[Blog] Vinaya Studies at the 18th Congress of IABS, in Toronto

By Gerjan Altenburg

Studies of Buddhist monastic literature (vinaya) were in full swing at the 18th congress of the International Association of Buddhist Studies (IABS). This should not surprise anyone familiar with the current academic climate within Buddhist studies in the province of Ontario. This year, IABS took place in Toronto, Ontario from August 20th–25th. Having hosted a conference on Buddhist nuns in India, sponsored by the Yehan Numata Buddhist Studies Program (McMaster University and the University of Toronto) just six years earlier, it seems Toronto loves vinaya.

This year’s congress included three panels and one section discussing this genre of Buddhist literature. Panels on vinaya included: 1) “Discipline, Agency, Inquiry: Vinaya Reception in Women’s Monastic Communities Past and Present;” 2) “Recent Approaches in Vinaya Studies;” and 3) “Vinaya Commentaries.” Moreover, one section of the conference was dedicated to vinaya studies.

In particular, scholars working or trained at Hamilton Ontario’s McMaster University had a strong involvement in vinaya panels.

Joseph LaRose acted as convener for “Recent Approaches,” and Shayne Clarke convened “Vinaya Commentaries.” Clarke and LaRose both delivered papers in their respective panels. LaRose presented “Cows, Leather, Sandals and Monks: Materiality in the Carmavastu of the Mūlasarvāstivādavinaya.” Clarke delivered “On the Nun-Friendly Vinaya Manuscript Traditions of Bhutan and Their Relationship to Indian Vinaya Commentaries.” In “Recent Approaches,” Christopher Handy gave the paper “Politeness and Propriety in Buddhist Monastic Law: Applying Face Theory to Vinaya Texts.” Christopher Emms made his IABS debut in the “Vinaya Commentaries” panel with “Canonical Vinaya Quotations in the Work of Śākyaprabha.”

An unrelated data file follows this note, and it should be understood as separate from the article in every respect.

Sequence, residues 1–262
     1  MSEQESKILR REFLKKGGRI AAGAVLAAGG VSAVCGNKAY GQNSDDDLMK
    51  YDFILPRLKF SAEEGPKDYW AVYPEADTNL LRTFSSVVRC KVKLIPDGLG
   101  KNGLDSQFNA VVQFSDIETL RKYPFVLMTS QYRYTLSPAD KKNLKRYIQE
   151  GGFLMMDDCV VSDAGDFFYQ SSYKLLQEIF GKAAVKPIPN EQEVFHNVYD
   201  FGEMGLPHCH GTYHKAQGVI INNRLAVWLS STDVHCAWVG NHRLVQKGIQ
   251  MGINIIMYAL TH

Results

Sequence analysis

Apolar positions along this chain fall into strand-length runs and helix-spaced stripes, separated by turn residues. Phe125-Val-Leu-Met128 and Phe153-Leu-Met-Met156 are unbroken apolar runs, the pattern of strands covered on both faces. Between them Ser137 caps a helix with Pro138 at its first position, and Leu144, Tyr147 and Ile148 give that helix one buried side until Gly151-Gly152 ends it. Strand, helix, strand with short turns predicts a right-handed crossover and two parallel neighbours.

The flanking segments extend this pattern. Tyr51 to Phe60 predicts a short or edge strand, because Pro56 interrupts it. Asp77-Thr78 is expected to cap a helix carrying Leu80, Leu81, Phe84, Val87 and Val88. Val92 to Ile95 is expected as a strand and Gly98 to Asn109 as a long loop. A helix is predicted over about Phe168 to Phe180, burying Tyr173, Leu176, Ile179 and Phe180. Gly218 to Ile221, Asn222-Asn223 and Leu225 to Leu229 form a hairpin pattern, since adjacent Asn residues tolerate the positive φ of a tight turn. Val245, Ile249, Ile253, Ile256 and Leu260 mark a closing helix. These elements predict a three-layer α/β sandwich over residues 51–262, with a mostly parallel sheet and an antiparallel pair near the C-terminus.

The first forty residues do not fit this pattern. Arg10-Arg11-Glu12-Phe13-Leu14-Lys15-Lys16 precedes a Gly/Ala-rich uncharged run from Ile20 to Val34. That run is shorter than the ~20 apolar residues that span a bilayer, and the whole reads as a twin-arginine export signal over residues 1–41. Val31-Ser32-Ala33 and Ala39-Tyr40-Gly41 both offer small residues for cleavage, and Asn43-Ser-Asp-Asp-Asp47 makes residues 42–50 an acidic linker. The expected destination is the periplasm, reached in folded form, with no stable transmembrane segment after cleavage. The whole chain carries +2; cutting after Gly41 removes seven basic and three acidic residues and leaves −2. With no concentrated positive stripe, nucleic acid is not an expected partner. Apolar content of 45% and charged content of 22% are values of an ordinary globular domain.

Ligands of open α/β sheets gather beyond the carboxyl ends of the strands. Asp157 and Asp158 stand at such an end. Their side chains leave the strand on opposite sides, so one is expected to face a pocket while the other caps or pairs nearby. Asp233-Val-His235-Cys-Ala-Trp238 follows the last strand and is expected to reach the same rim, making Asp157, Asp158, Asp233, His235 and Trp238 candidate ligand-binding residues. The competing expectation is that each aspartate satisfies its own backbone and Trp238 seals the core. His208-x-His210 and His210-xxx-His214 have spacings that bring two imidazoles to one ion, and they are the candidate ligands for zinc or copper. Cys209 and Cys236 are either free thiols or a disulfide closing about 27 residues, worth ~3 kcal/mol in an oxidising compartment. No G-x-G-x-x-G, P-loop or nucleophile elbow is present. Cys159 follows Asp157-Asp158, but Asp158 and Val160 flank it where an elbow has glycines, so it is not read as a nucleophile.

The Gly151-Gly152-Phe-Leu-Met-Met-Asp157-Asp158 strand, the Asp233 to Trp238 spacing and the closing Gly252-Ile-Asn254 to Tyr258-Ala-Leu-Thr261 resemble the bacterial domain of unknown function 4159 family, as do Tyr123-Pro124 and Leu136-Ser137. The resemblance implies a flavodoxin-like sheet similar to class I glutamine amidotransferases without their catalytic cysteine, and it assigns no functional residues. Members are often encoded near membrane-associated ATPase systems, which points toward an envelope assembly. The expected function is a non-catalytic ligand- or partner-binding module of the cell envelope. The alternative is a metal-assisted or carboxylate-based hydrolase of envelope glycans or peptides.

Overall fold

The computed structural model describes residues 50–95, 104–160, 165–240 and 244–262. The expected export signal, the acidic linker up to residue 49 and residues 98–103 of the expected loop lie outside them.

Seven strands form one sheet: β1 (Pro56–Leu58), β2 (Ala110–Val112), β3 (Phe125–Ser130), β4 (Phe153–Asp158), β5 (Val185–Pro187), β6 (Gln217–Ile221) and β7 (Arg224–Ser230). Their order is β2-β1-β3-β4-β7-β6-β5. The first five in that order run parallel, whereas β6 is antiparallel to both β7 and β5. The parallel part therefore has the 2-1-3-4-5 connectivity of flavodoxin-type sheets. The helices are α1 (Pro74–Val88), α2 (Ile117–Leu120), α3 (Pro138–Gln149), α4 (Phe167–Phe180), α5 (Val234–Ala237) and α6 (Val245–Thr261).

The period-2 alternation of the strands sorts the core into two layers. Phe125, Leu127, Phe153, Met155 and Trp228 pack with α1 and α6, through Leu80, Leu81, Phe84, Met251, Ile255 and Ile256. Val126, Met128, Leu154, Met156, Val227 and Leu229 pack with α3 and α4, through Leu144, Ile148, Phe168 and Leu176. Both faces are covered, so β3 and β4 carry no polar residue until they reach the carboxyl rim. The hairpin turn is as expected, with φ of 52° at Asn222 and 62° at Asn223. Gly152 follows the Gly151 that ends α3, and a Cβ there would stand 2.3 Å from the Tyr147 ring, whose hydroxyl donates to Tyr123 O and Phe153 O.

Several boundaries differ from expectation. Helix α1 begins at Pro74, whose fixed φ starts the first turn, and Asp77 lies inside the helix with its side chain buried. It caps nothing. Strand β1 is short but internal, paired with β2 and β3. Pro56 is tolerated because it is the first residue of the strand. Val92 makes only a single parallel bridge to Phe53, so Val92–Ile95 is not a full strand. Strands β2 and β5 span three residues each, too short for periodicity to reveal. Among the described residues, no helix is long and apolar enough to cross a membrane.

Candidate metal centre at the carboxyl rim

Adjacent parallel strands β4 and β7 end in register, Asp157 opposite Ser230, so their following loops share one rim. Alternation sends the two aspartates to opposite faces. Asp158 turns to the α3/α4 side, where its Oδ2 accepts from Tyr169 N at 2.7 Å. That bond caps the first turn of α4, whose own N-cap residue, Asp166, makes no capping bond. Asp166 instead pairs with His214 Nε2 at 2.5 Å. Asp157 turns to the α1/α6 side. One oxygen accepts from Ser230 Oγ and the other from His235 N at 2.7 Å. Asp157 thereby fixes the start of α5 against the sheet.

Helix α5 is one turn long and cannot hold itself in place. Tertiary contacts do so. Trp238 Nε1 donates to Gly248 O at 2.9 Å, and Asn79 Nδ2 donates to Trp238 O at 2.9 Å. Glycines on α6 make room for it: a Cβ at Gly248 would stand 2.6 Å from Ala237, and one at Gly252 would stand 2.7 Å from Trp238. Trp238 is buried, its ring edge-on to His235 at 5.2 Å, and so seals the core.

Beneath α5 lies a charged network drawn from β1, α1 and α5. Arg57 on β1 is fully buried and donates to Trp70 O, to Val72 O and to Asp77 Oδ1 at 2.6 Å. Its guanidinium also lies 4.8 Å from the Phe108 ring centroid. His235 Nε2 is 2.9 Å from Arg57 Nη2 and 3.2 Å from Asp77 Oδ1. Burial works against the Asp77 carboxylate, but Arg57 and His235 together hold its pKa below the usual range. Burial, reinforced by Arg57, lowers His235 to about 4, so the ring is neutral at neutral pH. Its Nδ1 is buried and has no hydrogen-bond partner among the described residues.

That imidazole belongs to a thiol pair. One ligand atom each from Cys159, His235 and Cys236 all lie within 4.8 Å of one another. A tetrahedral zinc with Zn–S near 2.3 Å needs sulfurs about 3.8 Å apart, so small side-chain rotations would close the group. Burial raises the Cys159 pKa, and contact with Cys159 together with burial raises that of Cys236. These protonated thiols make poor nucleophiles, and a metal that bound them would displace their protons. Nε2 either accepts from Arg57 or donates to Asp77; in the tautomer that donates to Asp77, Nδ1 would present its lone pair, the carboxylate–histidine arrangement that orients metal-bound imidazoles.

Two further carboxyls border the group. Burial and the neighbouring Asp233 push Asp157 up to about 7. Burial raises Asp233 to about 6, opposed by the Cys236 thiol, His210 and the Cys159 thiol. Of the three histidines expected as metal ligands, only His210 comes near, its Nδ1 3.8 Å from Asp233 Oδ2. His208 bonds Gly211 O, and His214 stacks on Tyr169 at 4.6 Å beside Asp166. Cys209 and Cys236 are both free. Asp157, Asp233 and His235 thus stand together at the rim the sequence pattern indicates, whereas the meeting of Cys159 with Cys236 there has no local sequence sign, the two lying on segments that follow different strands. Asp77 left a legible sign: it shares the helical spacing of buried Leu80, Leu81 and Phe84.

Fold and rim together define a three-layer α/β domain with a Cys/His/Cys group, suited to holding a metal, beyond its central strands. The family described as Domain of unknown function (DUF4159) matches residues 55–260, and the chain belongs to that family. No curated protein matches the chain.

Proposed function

With four McMaster affiliated researchers participating in two vinaya panels, McMaster University continues to be a powerhouse for the study of Buddhist monastic literature.

An outstanding feature of the “Discipline, Agency, and Inquiry” panel was that it featured two co-presentations. These co-presentations involved two-person teams. One of these presentations, by Ute Hüsken and Tathālokā Therī, dealt with issues around the ceremonial boundaries in place during the ordination of Buddhist nuns. This presentation included both an emic and an etic perspective, Tathālokā herself having acted as a preceptor within the saṃgha. This presentation in particular seemed to spark fruitful discussion between researchers and members of the saṃgha present within the audience. I look forward to seeing more co-operative work between emic and etic approaches to vinaya in the future.

Papers in other panels or sections also focused on vinaya. Notably, Natchapol Sirisawad, Nicholar Witkowsi, and Fumi Yao delivered papers specifically dealing with Buddhist monastic literature, outside of the specified vinaya panels. Moreover, a panel entitled “New Trajectories in the Study of Buddhism and Law” also contained much overlap with the study of vinaya.

All-and-all, it was not surprising to see that vinaya studies had a strong presence at the 2017 IABS in Toronto. I look forward to seeing what vinaya researchers will offer in three years, at the 19th IABS in 2020 in Seoul, South Korea.

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